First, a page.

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Berkeley Group Holdings Plc (BKG), the U.K.’s second-largest homebuilder by market value, is benefiting from Singapore’s efforts to cool its property market as new restrictions and a weak pound attract investors to London.
The island nation is the biggest overseas buyer of homes constructed by Berkeley, which sells 40 percent of its properties to people living outside the U.K., Managing Director Rob Perrins said in an interview in Singapore yesterday. Hong Kong and Malaysia are the next-biggest markets for the company based near the U.K. capital.
“People like property, it’s bricks and mortar, especially at the moment with the Singapore dollar so strong against the pound,” Perrins said. That’s “obviously attracting investors into London as well,” he said.
Singaporeans are looking abroad for investments as the local currency rose to a record against the pound, making home purchases cheaper, and as they face government measures at home to rein in property prices that have reached an all-time high. Berkeley is opening its second office in Asia in Singapore’s central business district of Marina Bay Financial Centre to cater to increasing demand, Perrins said.
London’s housing market is outperforming the rest of the U.K. and in recent months has seen a “marked pick-up” in momentum, according to the Royal Institution of Chartered Surveyors. An index of U.K. house prices rose to the highest in 2 1/2 years in December as measures to boost credit made property brokers more optimistic, London-based RICS said in January.
Berkeley, which has offices in Hong Kong and Dubai, is seeking to attract more international buyers, who tend to make purchases earlier in the development process than U.K. customers, Perrins said. About 70 percent of overseas buyers purchase a property in London as an investment, while the rest seek a second home or a residence for their children studying there, he said.
“Singapore investors are very savvy,” Perrins said. “A lot of Singaporeans know London better than many Londoners do. They do a lot of research before they buy.”
After U.K. buyers, Singaporeans bought more new residential properties in central London than any other nationality last year, accounting for 23 percent of transactions, broker Knight Frank LLP said in a January report.
Singapore Prime Minister Lee Hsien Loong is trying to curb property-market speculation. A 1,636-square-foot (152-square- meter) condominium in the Marina Bay financial district sold for S$4.4 million ($3.6 million) in November, government figures show. A unit about the same size in London’s Canary Wharf was priced at 2.3 million pounds ($3.5 million), broker Foxtons Ltd. said.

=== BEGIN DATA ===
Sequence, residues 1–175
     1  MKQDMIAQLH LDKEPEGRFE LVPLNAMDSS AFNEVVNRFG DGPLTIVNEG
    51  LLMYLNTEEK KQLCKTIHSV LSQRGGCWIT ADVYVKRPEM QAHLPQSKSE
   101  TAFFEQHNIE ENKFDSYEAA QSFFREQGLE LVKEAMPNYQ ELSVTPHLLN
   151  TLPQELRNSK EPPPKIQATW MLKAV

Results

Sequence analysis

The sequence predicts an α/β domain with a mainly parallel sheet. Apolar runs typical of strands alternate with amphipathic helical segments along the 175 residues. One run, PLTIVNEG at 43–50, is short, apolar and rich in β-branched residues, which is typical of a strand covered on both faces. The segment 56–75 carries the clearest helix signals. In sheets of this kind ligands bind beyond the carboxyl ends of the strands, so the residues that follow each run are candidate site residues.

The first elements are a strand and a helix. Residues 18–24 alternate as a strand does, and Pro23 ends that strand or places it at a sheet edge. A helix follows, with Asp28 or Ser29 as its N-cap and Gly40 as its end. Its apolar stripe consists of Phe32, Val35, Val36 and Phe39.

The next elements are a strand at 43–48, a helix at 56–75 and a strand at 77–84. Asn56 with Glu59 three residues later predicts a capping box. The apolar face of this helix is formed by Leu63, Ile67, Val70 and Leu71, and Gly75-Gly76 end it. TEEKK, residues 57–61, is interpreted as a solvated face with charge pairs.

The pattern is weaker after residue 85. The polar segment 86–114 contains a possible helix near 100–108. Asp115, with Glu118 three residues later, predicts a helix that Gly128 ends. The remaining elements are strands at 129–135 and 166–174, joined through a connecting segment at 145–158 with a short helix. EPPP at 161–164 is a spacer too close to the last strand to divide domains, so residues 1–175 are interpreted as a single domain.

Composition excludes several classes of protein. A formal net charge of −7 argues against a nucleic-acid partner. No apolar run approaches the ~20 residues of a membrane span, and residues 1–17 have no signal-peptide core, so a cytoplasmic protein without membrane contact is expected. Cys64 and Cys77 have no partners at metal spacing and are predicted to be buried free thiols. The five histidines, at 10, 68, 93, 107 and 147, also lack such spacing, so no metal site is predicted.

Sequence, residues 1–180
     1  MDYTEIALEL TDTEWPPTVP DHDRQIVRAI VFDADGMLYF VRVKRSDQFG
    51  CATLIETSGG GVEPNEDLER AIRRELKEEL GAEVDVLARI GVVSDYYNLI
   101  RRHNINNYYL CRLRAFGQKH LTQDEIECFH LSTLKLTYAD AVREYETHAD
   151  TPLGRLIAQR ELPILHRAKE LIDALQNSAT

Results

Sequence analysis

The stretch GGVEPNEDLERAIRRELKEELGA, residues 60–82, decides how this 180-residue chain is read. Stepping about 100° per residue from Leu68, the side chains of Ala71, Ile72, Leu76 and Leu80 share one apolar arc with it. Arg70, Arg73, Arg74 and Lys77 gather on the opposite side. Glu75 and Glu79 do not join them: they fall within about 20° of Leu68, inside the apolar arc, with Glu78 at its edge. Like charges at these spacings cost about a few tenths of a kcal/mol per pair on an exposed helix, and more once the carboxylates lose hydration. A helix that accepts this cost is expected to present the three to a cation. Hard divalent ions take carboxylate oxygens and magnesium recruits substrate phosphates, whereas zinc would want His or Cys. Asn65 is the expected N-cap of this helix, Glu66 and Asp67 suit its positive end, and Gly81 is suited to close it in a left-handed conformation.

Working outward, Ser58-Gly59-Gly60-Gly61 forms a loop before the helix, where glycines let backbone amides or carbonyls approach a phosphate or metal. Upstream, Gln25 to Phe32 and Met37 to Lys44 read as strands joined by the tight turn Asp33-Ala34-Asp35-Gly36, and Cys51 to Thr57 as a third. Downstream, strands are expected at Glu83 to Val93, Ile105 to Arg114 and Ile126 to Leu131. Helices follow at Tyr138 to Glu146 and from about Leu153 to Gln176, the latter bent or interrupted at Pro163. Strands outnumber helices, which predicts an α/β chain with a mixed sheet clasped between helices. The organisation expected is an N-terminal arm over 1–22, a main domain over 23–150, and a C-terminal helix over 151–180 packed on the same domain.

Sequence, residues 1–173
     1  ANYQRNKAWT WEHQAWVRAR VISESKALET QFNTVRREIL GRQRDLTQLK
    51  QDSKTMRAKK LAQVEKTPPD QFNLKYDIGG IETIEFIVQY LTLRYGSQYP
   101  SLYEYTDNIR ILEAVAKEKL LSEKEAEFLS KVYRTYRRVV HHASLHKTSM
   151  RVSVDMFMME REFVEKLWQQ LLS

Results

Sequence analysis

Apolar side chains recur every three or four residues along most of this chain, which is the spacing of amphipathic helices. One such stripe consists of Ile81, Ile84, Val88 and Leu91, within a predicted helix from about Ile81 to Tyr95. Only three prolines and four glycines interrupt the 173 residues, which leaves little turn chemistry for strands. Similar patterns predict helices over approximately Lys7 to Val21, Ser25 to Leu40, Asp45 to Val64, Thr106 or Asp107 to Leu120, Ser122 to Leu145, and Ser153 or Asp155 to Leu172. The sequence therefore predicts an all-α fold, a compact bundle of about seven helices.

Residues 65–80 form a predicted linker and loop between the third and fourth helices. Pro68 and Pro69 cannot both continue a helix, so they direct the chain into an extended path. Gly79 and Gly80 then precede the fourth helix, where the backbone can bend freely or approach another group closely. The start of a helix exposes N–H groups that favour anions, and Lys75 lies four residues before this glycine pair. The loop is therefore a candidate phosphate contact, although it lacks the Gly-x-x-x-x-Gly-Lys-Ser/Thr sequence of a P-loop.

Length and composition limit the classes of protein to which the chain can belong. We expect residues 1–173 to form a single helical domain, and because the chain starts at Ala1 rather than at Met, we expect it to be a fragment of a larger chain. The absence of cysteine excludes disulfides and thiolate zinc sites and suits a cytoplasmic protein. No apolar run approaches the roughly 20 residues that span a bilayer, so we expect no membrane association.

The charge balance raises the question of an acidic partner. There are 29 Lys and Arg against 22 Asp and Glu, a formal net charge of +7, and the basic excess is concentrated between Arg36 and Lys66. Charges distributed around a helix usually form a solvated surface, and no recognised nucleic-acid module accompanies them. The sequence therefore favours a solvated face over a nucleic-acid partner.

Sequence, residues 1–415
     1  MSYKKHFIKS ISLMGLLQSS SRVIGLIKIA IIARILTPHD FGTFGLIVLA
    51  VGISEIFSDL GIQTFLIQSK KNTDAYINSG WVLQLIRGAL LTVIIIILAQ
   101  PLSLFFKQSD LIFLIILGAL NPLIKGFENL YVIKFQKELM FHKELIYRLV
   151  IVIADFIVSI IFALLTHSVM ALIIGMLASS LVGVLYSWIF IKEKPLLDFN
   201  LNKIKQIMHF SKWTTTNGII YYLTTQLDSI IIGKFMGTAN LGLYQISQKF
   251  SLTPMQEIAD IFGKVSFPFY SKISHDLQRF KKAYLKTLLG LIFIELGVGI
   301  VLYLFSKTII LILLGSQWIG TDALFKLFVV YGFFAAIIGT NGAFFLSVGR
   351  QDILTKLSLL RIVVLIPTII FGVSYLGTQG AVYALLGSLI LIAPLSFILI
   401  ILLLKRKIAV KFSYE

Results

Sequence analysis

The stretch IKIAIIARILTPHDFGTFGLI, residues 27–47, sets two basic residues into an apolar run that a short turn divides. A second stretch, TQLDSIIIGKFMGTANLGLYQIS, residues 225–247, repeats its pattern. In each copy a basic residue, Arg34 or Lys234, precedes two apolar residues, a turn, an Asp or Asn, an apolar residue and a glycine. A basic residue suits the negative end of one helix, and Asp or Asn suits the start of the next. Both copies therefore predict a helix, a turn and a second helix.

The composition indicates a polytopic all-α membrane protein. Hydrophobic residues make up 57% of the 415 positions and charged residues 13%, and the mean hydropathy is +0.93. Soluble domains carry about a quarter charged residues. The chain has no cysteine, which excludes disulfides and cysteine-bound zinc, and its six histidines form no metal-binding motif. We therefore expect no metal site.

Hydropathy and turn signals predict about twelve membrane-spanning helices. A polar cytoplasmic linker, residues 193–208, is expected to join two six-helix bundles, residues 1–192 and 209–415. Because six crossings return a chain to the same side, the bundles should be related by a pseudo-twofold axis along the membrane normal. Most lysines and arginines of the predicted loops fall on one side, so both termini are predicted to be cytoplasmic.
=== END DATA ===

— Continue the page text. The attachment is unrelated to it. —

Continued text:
Berkeley’s first-half profit rose 45 percent as the company sold more homes with wider margins, the Cobham, England-based company said on Dec. 7. Revenue rose 69 percent to 686 million pounds. It sold 1,927 homes in the first half of 2012 compared with 1,506 a year earlier at an average price of 335,000 pounds. That compares with an average selling price of 254,000 pounds in the first six months of the previous fiscal year.
The Singapore dollar strengthened on Feb. 25 against the British pound to the highest on record dating back to 1981, according to data compiled by Bloomberg. The dollar traded at S$1.8773 per pound today, little changed from yesterday when it weakened 0.2 percent.
Currency fluctuations are helping drive sales of apartments at Battersea Power Station, according to Battersea Power Station Development Co.
“The currency is huge,” Rob Tincknell, the company’s chief executive officer, said in an interview at the property. “Look at the last few weeks, they’ve made a fortune.”
More than half of development’s apartments have been sold in overseas markets including Singapore, Malaysia and Hong Kong, Tincknell said. Around 30 of the 860 apartments making up the project’s first phase are unsold, he said.
Singapore earlier this week announced plans to raise property levies for luxury homeowners and increase duties on investment properties that are vacant or being rented out.
Those steps came after officials introduced a seventh round of real-estate cooling measures in January, which included limits on how much buyers seeking a second mortgage can borrow relative to the value of their properties. People applying for a second or subsequent home loan will also have to pay a 25 percent cash down payment, from 10 percent previously.
“We landed Singapore the day after the measures were introduced,” Tincknell said. “It was the talk of town. They are trying to slow down that market considerably.”
The median price per square meter for condominiums jumped to S$11,056 in the fourth quarter, the highest in Urban Redevelopment Authority data dating back to 1998.
Berkeley has invested about 1 billion pounds in the U.K. property market since 2007 and now builds about 15 percent of all London homes, he said.
“Confidence is returning,” Perrins said. “People like property as they see it as an inflation hedge.”
To contact the reporters on this story: Pooja Thakur in Singapore at firstname.lastname@example.org; Christopher Spillane in London at email@example.com
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